148 PRB


[Filed 27-Jan-2012]






In re:  William M. MaGill, Esq.

            PRB File No. 2011.157


Decision No. 148


            The parties have filed a Stipulation of Facts, proposed Conclusions of Law and a Recommendation for Sanctions.  The Respondent has waived certain procedural rights, including the right to an evidentiary hearing.  The panel accepts the stipulated facts and recommendations and orders that Respondent be publicly reprimanded for a lengthy delay in closing an estate and for failure to communicate with his clients, in violation of Rule 1.3 and Rule 1.4(a) of the Vermont Rules of Professional Conduct in effect prior to September 1, 2009, and Rule 1.3, Rule 1.4(a)(3) and Rule 1.4(a)(4), which were effective thereafter.


Respondent is currently employed as the Assistant Clerk of the Vermont House of Representatives. This job does not involve the practice of law. Respondent also has a small solo law practice, which he operates from his home. He was admitted to practice in Vermont in June of 2003.

            Francis F. Sayers died in November of 2004. His sister, Louise Thresher, was named executrix of his estate. The estate was opened in the Washington District Probate Court in February of 2005. At the time, Ms. Thresher was represented by Attorney Peter Young.  In the summer of 2006, Mr. Young left the practice of law for another job. He referred the Sayers Estate to Respondent. At that time, Respondent was renting office space from Mr. Young.

            By letter dated July 21, 2006, Mr. Young informed the Probate Court that Respondent had assumed responsibility for the Sayers Estate. At the time that Respondent took over the file, an accounting was due. Respondent started to prepare the account, but did not complete it. During that time, Respondent had to take time off from work to attend to matters related to the unexpected deaths of both his father and grandfather.

            By letter dated December 19, 2006, the Probate Court asked Respondent to file either an Accounting or a Status Report. Respondent received the letter but filed nothing.

By letter dated March 9, 2007 the Probate Court informed Ms. Thresher that an accounting was past due and asked her to file the appropriate paperwork by April 9, 2007. Respondent received a copy of this letter, but did not file an accounting.

On September 18, 2008, the Probate Court issued a Notice to Appear in which Ms. Thresher and Respondent were instructed to appear on October 20, 2008.  Ms. Thresher had been injured in an automobile accident in the summer of 2008 and, as a result, was unable to attend the hearing. Respondent informed the court and the hearing was postponed and never rescheduled.

By late August of 2010, Respondent had yet to complete an accounting. For several years, he had not responded to phone calls and messages from Ms. Thresher or her sister, Phyllis Maxham. Ms. Thresher and Ms. Maxham consulted Attorney Peter Carter. Mr. Carter called Respondent on August 31, 2010. He explained that Ms. Thresher and Ms. Maxham were extremely frustrated by Respondent's failure to respond to repeated telephone messages. Respondent promised to send the file to Mr. Carter immediately.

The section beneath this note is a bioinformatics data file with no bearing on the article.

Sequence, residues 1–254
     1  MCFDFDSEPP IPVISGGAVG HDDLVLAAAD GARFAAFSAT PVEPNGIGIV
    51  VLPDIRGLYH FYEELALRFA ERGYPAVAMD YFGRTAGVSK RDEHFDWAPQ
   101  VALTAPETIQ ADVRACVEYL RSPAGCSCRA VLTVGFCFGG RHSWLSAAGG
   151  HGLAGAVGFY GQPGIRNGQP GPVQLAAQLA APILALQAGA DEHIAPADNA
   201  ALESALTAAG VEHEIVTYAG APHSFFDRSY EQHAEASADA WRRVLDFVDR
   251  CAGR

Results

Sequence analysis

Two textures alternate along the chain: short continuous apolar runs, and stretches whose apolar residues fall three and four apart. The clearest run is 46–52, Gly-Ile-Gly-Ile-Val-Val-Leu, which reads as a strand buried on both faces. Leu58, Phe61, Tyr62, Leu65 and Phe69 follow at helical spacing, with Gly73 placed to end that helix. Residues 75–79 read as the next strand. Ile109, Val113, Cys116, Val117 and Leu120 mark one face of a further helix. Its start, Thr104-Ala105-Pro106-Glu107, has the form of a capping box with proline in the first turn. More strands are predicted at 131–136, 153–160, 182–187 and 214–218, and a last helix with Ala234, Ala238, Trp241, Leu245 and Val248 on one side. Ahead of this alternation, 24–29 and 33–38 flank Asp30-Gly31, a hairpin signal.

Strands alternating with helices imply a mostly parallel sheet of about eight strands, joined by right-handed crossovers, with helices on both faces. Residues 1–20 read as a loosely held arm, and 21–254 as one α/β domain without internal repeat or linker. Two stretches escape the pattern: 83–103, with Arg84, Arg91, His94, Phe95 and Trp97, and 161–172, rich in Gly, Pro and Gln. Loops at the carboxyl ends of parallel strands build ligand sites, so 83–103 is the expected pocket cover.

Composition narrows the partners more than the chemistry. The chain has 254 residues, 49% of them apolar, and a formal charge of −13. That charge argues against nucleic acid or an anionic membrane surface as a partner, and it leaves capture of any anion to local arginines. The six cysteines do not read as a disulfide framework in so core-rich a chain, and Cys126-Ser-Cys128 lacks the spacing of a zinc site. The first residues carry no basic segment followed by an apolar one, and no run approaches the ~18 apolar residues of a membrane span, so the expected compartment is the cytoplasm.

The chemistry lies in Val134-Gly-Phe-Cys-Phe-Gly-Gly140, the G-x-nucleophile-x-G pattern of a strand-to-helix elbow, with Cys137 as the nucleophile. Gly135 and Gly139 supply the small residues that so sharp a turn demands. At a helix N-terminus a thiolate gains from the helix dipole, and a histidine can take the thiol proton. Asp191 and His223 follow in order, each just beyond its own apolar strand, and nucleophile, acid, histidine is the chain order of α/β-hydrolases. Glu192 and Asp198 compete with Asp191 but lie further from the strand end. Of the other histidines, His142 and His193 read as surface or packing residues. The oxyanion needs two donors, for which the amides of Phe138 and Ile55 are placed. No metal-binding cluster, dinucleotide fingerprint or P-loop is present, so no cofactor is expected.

Respondent did not promptly transmit the file. Mr. Carter called Respondent on September 3, 2010. Respondent informed Mr. Carter that some of his electronic files had been corrupted, and that he was working on restoring them. He said he hoped to have the file restored by the next week.

Mr. Carter and Respondent spoke again on September 21, 2010. Respondent had yet to send the file to Mr. Carter. Mr. Carter asked Respondent to prepare a First and Final Accounting. Respondent agreed to do so. By October 22, 2010, Respondent had not prepared or filed the accounting, nor had he sent any paperwork to Mr. Carter. Mr. Carter sent Respondent an e-mail expressing his frustration. He followed up with telephone messages. Respondent did not reply to Mr. Carter's e-mail or telephone messages.

In fact, in late-September of 2010, Respondent's basement had flooded. The Sayers file was in the basement and was destroyed. Disciplinary Counsel spoke with Respondent's insurance agent, who reported that he had visited Respondent's home office. The agent confirmed the fact of the flood, and told Disciplinary Counsel that Respondent's basement had incurred significant damage.

On November 12, 2010, Mr. Carter received from the Probate Court a copy of the file in the Sayers Estate. Over the next few days, Mr. Carter prepared the First and Final Accounting of the Sayers Estate, all the necessary consents, and met with Ms. Thresher and Ms. Maxham to have them sign various the documents. Mr. Carter filed the accounting and all necessary documents on November 16, 2010.

Respondent caused Ms. Thresher and Ms. Maxham extreme frustration, stress, and anxiety. Mr. Carter reported to Disciplinary Counsel that Ms. Thresher and Ms Maxham did not suffer any financial loss or harm.

Conclusions of Law

            The Vermont Rules of Professional Conduct were amended effective September 1, 2009. The old rules apply to Respondent's conduct, or lack thereof, between July of 2006, and August 31, 2009. The new rules apply from September 1, 2009, to November of 2010.

            Rule 1.3 of the Vermont Rules of Professional Conduct, which was unchanged by the revision, provides that “[a] lawyer shall act with reasonable diligence and promptness in representing a client.”  The Comment to this rule in the 2009 Amendment states:

Perhaps no professional shortcoming is more widely resented than procrastination. A client's interests often can be adversely affected by the passage of time with the change of condition; in extreme instances, as when a lawyer overlooks the statute of limitations, the client's legal position may be destroyed.  Even when the client's interests are not affected in substance, however, unreasonable delay can cause the client needless anxiety and undermine confidence in the lawyer's trustworthiness.  V.R.P.C. 1.3 Comment [3]. Emphasis added.